I used to like those Gulf coast beaches. Oh well! But the people in charge know better than us, and it’s all gonna be O-KAY!!!!
The oil well spewing crude into the Gulf of Mexico didn’t have a remote-control shut-off switch used in two other major oil-producing nations as last-resort protection against underwater spills.
The lack of the device, called an acoustic switch, could amplify concerns over the environmental impact of offshore drilling after the explosion and sinking of the Deepwater Horizon rig, hired by oil giant BP PLC, last week.
BP’s Chief Operating Officer Doug Suttles said Thursday on NBC’s “Today” that as much as 5,000 barrels of oil a day may be leaking into the Gulf, up from original estimates of 1,000 barrels a day, matching calculations issued late Wednesday from federal investigators. Mr. Suttles said BP and government scientists have to estimate the flow based on what reaches the surface because there is no way to measure the oil pouring out on the seabed. The company also said it welcomes an offer of U.S. military help to get the spill under control.
The accident has led to one of the largest ever oil spills in U.S. water and the loss of 11 lives.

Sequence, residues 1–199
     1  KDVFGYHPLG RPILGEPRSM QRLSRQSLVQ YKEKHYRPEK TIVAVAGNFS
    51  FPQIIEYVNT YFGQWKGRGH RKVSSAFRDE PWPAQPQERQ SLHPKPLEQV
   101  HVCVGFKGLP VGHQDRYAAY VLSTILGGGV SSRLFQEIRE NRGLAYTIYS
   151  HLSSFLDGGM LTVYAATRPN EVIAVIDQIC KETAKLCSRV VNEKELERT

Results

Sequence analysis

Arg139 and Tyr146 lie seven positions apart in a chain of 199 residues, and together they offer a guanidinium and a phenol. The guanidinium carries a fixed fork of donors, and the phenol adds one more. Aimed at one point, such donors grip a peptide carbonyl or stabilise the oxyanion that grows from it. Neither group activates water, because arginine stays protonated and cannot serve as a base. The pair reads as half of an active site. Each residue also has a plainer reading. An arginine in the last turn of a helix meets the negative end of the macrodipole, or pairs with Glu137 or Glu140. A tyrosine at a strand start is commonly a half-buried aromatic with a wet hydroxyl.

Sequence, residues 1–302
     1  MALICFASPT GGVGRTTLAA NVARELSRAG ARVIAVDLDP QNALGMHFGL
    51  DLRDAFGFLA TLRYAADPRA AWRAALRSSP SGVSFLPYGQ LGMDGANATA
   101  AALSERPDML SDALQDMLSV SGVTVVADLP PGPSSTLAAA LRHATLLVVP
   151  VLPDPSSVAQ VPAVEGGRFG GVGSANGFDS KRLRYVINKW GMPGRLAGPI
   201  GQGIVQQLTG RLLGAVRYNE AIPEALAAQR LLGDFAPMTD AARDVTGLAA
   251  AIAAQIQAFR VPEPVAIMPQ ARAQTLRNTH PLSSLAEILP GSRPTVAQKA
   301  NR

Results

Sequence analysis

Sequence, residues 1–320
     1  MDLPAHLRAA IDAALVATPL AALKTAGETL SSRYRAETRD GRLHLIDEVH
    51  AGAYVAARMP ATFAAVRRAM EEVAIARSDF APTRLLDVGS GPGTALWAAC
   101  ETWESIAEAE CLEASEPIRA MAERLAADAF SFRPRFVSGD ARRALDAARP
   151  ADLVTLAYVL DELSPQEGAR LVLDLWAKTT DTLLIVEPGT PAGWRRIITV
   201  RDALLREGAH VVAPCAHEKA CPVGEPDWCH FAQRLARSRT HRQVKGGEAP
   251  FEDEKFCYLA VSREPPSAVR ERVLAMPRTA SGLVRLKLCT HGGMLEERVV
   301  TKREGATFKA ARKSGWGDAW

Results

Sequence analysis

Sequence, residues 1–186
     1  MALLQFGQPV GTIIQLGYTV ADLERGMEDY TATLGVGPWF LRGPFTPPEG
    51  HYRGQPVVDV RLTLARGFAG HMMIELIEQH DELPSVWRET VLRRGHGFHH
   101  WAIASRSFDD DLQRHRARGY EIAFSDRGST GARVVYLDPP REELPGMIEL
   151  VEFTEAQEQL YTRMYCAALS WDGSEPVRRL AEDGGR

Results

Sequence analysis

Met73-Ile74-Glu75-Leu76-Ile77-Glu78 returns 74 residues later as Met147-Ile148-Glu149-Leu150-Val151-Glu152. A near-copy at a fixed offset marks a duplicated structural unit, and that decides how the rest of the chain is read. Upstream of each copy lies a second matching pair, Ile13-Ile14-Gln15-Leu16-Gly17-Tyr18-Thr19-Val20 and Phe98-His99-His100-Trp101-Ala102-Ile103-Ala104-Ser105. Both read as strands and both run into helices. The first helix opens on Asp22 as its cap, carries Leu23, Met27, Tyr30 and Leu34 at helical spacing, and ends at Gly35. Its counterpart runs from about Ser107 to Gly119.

U.S. regulators don’t mandate use of the remote-control device on offshore rigs, and the Deepwater Horizon didn’t have one. With a remote control, a crew can attempt to trigger an underwater valve that shuts down the well even if the oil rig itself is damaged or evacuated.
The efficacy of the devices is unclear. Major offshore oil-well blowouts are rare, and it remained unclear Wednesday evening whether acoustic switches have ever been put to the test in a real-world accident. When wells do surge out of control, the primary shut-off systems almost always work. Remote control systems such as the acoustic switch, which have been tested in simulations, are intended as a last resort.
Nevertheless, regulators in two major oil-producing countries, Norway and Brazil, in effect require them. Norway has had acoustic triggers on almost every offshore rig since 1993.